Thanksgiving Day 2013.... 

Debi preparing turkey and trimmings while Jasmine enjoys her special dinner. 

Living in a motor coach doesn't mean you can't have a delicious meal as evidenced here. After feasting on turkey, potatoes, green bean salad, cranberries and stuffing, we enjoyed pumpkin pie and whipped cream. Everything was cooked from scratch and was wonderful! I married an awesome chef....

Here's our site at Buckhorn Lake RV Resort. The resort is divided into several sections...the owner's section, a motor coach section, a long term stay section and a short term section. The sites were spacious with full hook ups.
It was nice to stop and enjoy the holiday here.

Friday, December 13, 2013

Lake Corpus Christi State Park

We had two routes we could take out of the Brownsville Texas area. We could follow the Mexican border into Laredo or head back east to Corpus Christi then north towards San Antonio. Weather was becoming a factor as cold temperatures were forecasted along with rain and possibly snow. With that in mind, we decided to head east, swing by Corpus Christi Lake then on to San Antonio and, if necessary, take I-10 west. 

Since we had taken US 77 south to Brownsville, we decided to go a different way back northeast, so we pulled off at Raymondville and headed north on Texas 186. Although a two lane highway, it was smooth and uncrowded.

Once we joined US 281, we headed east toward Corpus Christi. US 281 is a divided highway. Very nice alternative to the Interstate system.

Just outside FalFurrias, Texas, the US Border Patrol has a checkpoint. It was pretty busy and delayed us about 15 minutes. They waived us through with no problems. As you can see, almost 3100 illegals picked up at this checkpoint.

The area along this stretch of US 281 consists of mostly small farms and some cattle with only a few oil wells.

Lake Finley, Alice, Texas, offers excellent fishing. It was constructed in 1965 by damming up the river to provide recreational opportunities.

Mathis, Texas....population 5034.

Spotted this big boy wandering near Texas 359 just before the campground. I tried to get a better picture but with him moving and my driving, this was the best I could do. He certainly had a beautiful rack.

We finally reached our destination, Lake Corpus Christi State Park. We purchased the annual Texas State Park Pass. Without it, there is a daily per person fee to use their parks and facilities.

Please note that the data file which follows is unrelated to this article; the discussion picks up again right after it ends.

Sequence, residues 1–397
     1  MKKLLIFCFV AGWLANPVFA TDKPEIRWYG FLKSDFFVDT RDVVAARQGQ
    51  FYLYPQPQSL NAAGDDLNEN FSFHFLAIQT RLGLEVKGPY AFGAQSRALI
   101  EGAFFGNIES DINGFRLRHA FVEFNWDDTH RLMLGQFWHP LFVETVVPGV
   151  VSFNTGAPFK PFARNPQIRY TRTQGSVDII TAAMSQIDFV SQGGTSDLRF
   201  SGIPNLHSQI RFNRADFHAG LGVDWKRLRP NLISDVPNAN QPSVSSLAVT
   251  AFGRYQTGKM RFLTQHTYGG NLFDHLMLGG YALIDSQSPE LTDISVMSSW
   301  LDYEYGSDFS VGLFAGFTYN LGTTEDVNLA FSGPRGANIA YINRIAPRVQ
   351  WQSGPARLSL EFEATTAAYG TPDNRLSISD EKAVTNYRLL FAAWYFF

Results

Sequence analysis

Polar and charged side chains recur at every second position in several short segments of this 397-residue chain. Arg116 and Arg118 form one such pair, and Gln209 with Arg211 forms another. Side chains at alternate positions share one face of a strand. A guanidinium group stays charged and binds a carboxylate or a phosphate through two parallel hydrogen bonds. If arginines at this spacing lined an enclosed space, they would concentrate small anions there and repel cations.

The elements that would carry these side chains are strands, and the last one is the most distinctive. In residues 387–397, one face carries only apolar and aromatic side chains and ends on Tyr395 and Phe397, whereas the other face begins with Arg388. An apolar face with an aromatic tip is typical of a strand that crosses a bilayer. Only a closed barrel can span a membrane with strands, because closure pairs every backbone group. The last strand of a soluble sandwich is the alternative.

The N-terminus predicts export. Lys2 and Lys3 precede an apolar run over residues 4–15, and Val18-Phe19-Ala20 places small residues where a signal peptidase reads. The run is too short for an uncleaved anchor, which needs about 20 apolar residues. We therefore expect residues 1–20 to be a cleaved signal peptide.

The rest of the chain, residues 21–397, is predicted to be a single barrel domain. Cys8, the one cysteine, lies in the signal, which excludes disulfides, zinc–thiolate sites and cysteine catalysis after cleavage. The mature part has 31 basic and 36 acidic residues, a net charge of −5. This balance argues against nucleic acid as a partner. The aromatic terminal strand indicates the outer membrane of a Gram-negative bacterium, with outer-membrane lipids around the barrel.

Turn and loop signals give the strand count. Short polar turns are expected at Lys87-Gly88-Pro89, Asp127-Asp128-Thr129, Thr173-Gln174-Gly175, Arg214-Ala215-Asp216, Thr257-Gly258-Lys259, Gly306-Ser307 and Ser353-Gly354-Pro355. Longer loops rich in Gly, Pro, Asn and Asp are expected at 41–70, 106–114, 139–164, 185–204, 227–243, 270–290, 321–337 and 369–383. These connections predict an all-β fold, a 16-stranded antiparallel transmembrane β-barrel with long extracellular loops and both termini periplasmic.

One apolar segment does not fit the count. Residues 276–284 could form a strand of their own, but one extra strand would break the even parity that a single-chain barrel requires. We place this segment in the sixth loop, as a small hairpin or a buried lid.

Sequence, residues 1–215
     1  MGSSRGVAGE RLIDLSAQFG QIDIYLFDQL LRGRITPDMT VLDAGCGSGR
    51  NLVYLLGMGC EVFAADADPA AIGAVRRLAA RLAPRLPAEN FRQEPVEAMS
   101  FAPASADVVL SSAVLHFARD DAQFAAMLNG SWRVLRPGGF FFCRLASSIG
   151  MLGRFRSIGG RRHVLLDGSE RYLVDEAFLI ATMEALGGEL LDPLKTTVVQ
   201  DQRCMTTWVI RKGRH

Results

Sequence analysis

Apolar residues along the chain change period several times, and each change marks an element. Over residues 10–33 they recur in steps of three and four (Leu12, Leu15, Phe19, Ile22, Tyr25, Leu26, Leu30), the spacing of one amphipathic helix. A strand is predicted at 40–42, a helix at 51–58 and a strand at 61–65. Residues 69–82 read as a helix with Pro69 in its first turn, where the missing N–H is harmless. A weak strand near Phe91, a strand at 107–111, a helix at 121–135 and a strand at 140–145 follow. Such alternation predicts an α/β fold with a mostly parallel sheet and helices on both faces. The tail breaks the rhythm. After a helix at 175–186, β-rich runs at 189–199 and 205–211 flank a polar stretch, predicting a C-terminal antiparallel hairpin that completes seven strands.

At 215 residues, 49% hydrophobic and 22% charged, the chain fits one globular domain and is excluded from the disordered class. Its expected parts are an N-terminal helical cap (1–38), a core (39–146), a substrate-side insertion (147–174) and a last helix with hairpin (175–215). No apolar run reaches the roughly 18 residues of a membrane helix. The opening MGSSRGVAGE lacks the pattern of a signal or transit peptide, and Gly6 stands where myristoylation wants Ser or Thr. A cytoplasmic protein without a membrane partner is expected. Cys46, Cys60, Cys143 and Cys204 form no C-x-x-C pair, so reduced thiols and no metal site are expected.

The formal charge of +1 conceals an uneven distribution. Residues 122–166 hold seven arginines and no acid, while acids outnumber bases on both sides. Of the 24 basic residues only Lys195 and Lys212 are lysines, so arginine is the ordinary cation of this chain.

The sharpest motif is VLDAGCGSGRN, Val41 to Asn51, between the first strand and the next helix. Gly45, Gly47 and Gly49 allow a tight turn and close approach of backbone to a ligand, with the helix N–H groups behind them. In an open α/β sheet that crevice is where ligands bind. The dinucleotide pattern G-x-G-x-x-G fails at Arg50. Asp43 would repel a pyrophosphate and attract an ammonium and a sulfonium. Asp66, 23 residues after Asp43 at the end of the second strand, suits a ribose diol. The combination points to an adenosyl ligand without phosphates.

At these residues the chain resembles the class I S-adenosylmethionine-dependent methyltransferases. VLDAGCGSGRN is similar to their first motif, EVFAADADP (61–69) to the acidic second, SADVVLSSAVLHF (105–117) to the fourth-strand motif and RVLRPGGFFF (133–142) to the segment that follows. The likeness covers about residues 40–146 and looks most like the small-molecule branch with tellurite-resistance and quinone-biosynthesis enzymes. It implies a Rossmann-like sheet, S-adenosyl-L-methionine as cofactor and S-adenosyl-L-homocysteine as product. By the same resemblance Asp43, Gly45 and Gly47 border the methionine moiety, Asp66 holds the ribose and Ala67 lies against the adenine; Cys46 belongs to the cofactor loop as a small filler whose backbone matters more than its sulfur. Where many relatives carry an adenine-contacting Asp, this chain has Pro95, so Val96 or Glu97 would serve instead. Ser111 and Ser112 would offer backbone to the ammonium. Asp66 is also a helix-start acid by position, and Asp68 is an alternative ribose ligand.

The State Park consists of 288 acres surrounding the Corpus Christi Lake. There are three campgrounds but only one has full hookups with pull through sites. Most overlook the water. Bath houses have showers and flush toilets.

Despite this area of Texas experiencing drought conditions, we found the lake almost full. There are several picnic areas all around the lake. Fishing is good for largemouth bass, crappie and catfish. There are two fishing piers. No fishing license is required at any of the Texas State Parks.

This is the view out our doorway. If you look across the green area, you can see our coach. All sites in this section are pull throughs with full hookups.
Next to our car, you can see my American flag. Next to the flag is a covered cabana for your BBQ.

Thursday, November 28, 2013

To the Southern Tip of Texas

Brownsville and McAllen are known as the southern most cities in Texas. Los Ebanos is actually the furthest and is a small border town between Texas and Mexico. We headed into Los Ebanos to take the hand drawn ferry, the only one of it's kind on the U.S. border. As our luck would have it, we arrived at 3:45PM and the ferry stops at 4PM. Not wanting to get stuck on the wrong side of the border, I snapped some pictures, spoke at length to the border guards and stayed on our side of the Rio Grande....

As we headed towards the border, this fella pulled in front of us. We decided to allow him to go ahead and were content to a very great distance. His cab was packed with televisions an tons of other "stuff". It was hard to see how he could even drive. Scary!

We were amazed at the number of flowers in this cemetery. Almost every gravesite had flowers and it was very well groomed. This was in contrast to the neighboring homes which were extremely run down.

As we approached the ferry landing, this sign caught our eye. It offered free information about the ferry, clean rest rooms and ice cream and candy. I'm pretty sure the store was closed.....see below.

This is the American side of the Rio Grande River. Even though this is a hand drawn ferry, make no mistake, this is a border crossing. The ferry can hold up to three cars at a time. The crossing utilizes the same protocol as any border other crossing, with inspections, dogs and passport requirements.

The ferry is a 44 foot long wooden barge and is pulled across the Rio Grande with ropes attached to a cable system. It is the only ferry in the world between two countries that uses human power.  The ferry is pulled by six very strong men. The toll is 50 cents for walk ons and $2/per vehicle. The men who work the ferry get paid only $1/hour.